Some books and movies are timeless, especially for those who prefer to make the most of it. Here is my personal selection of movies worth to re-watch, not just on rainy days in the van.

Into the Wild
11,031 Reviews

Into the Wild

Into the Wild is a 2007 American biographical drama survival film written and directed by Sean Penn. It is an adaptation of Jon Krakauer's 1996 nonfiction book of the same name, based on the true story of Christopher McCandless, a young man who hitchhiked to Alaska in 1992 and lived there for 113 days in an abandoned public bus. 

The abandoned public bus 142 of the Fairbanks Transit System on the Stampede Trail became the inspiration of to name of this website. The bus has been moved to the University of Alaska Fairbanks as it became a dangerous trap for many freedom-seeking explorers of the years.

While the heartwarming movie (and real story) end sadly, the movie has excited many freedom-seeking travelers, backpackers and alike around the world over the years. Myself included. I've watched this movie a number of times and recommended it countless times. Christopher McCandless' story connected with me as I felt the same need to go and my own way.

Read more about the movie on WikipediaIMBD (8.1/10).

Searching for Sugar Man
4,227 Reviews

Searching for Sugar Man

Searching for Sugar Man is a 2012 Swedish–British–Finnish documentary film directed and produced by Malik Bendjelloul, which details the efforts in the late 1990s of two Cape Town fans, Craig Bartholomew Strydom and Stephen "Sugar" Segerman, to find out what happened to their favorite musician, Sixto Rodriguez, rumored to have died by suicide decades earlier. Rodriguez's music never been a success in his home, the United States.

Yet by accident it became very popular in South Africa. Despite of the success, little was known about artist behind the music in that country. The documentary describes the search and lucky find of the musician Sixto.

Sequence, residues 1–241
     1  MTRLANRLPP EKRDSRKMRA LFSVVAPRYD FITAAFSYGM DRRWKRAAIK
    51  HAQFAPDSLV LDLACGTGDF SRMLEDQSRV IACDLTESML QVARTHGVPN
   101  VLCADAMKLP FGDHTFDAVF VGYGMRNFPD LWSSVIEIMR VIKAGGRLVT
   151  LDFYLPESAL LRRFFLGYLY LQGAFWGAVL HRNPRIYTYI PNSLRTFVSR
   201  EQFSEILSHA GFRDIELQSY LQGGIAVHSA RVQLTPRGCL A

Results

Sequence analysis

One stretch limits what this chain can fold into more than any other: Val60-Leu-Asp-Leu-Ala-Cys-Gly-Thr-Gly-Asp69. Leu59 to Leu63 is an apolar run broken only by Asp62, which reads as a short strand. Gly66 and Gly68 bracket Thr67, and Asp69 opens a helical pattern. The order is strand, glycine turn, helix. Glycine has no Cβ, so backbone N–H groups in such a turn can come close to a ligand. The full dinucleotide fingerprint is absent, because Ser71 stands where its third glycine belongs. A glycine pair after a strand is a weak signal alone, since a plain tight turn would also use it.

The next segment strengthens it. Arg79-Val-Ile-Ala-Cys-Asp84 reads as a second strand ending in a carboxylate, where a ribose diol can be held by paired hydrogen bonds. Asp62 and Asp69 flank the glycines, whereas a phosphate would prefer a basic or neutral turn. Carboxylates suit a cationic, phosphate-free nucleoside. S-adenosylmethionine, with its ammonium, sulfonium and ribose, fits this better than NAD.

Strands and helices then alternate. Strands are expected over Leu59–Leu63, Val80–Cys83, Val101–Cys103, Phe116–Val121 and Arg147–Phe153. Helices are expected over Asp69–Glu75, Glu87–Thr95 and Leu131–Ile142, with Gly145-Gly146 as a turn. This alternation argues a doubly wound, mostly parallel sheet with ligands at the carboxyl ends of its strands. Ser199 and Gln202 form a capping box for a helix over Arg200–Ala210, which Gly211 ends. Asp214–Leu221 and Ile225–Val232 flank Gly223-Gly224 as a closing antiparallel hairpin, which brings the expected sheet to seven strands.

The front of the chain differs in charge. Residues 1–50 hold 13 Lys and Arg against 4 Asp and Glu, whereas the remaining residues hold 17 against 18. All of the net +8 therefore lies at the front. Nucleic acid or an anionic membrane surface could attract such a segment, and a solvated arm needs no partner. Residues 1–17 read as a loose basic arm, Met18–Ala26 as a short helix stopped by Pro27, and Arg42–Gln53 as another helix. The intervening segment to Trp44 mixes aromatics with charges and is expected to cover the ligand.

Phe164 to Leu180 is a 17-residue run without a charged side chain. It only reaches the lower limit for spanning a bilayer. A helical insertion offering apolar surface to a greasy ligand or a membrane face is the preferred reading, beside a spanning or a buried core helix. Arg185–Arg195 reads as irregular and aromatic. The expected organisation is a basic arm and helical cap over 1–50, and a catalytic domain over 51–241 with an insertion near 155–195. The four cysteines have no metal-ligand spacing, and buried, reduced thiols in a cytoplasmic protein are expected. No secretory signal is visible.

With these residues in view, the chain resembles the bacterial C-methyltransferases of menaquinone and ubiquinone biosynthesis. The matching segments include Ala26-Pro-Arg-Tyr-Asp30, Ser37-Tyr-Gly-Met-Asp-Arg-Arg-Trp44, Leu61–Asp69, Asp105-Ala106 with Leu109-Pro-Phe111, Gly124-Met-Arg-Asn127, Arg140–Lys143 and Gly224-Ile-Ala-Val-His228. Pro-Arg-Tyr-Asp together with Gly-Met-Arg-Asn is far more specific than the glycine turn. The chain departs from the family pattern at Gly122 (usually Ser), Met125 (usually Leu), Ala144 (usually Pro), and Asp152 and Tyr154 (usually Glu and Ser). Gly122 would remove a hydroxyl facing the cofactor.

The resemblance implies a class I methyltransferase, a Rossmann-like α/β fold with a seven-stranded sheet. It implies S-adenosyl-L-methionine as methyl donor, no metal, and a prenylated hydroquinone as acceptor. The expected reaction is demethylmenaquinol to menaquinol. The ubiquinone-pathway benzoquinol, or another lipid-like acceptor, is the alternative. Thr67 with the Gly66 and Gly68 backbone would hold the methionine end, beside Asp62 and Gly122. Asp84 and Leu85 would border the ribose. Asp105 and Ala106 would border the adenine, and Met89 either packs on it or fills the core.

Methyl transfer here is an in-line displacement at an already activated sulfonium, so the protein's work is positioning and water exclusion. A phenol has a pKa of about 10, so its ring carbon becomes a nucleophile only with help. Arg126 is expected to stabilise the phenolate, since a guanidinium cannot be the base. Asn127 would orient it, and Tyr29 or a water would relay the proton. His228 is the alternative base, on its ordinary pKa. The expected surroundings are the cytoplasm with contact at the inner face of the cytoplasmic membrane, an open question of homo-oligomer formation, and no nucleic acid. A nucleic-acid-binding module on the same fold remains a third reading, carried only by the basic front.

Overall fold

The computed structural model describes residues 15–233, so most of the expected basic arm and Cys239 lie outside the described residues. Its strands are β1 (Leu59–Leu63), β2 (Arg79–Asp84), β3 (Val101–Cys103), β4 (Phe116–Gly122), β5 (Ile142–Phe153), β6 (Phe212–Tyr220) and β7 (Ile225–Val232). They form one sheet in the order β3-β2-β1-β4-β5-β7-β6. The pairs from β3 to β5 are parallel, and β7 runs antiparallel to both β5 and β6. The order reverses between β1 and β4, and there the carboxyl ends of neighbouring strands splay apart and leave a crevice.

A heart-warming story about the wonderful people, hidden behind regular people. A story to love and great music along with it.

The movie opened Sundance 2012. Read more about the story on Wikipedia. IMDB (8.2/10).


Everest
8,211 Reviews

Everest

Everest is a 2015 English-language American disaster drama film directed and produced by Baltasar Kormákur, written by William Nicholson and Simon Beaufoy, and starring an ensemble cast. It is based on the real events of the 1996 Mount Everest disaster, and focuses on the survival attempts of two expedition groups, one led by Rob Hall (played by Jason Clarke) and the other by Scott Fischer (Jake Gyllenhaal).

The film begins with a group of commercial climbers preparing to summit Mount Everest. Rob Hall is leading an expedition for his company, Adventure Consultants. Scott Fischer leads another group for his company, Mountain Madness. Both groups include experienced climbers as well as clients who are paying to be guided to the top of the mountain. 

Yet, both tours to the world's highest peak are faced with unbelievable challenges and drama, and ultimately little moments of happiness too. A sad story with a strong message.

After watching Everest, I wondered: What secrefices are you giving to reach some goal, on the costs of others that love you?

Read more about the story on Wikipedia. IMDB (7.1/10).

Chernobyl
9,229 Reviews

Chernobyl